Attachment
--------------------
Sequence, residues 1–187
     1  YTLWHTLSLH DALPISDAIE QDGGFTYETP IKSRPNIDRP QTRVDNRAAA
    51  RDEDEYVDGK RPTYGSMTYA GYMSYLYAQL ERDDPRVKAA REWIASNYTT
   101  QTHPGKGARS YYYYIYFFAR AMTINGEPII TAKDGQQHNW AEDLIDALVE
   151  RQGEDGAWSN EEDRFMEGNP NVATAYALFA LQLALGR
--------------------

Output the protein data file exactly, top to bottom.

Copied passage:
Sequence, residues 1–187
     1  YTLWHTLSLH DALPISDAIE QDGGFTYETP IKSRPNIDRP QTRVDNRAAA
    51  RDEDEYVDGK RPTYGSMTYA GYMSYLYAQL ERDDPRVKAA REWIASNYTT
   101  QTHPGKGARS YYYYIYFFAR AMTINGEPII TAKDGQQHNW AEDLIDALVE
   151  RQGEDGAWSN EEDRFMEGNP NVATAYALFA LQLALGR